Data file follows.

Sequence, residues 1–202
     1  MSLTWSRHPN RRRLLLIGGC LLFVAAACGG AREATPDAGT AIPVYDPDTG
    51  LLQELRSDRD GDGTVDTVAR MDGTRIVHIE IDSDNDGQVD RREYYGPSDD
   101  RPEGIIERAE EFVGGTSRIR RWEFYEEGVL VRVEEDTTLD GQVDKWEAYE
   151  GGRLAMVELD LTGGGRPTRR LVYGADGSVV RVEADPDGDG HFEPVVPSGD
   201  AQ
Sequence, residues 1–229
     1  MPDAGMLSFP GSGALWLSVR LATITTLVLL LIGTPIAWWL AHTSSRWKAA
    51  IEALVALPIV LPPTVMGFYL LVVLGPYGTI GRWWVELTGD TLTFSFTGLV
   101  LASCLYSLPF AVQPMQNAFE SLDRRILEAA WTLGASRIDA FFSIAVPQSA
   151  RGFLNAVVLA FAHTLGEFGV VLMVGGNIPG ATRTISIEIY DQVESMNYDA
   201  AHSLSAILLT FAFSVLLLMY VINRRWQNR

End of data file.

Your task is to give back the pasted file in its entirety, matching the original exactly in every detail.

Sequence, residues 1–202
     1  MSLTWSRHPN RRRLLLIGGC LLFVAAACGG AREATPDAGT AIPVYDPDTG
    51  LLQELRSDRD GDGTVDTVAR MDGTRIVHIE IDSDNDGQVD RREYYGPSDD
   101  RPEGIIERAE EFVGGTSRIR RWEFYEEGVL VRVEEDTTLD GQVDKWEAYE
   151  GGRLAMVELD LTGGGRPTRR LVYGADGSVV RVEADPDGDG HFEPVVPSGD
   201  AQ
Sequence, residues 1–229
     1  MPDAGMLSFP GSGALWLSVR LATITTLVLL LIGTPIAWWL AHTSSRWKAA
    51  IEALVALPIV LPPTVMGFYL LVVLGPYGTI GRWWVELTGD TLTFSFTGLV
   101  LASCLYSLPF AVQPMQNAFE SLDRRILEAA WTLGASRIDA FFSIAVPQSA
   151  RGFLNAVVLA FAHTLGEFGV VLMVGGNIPG ATRTISIEIY DQVESMNYDA
   201  AHSLSAILLT FAFSVLLLMY VINRRWQNR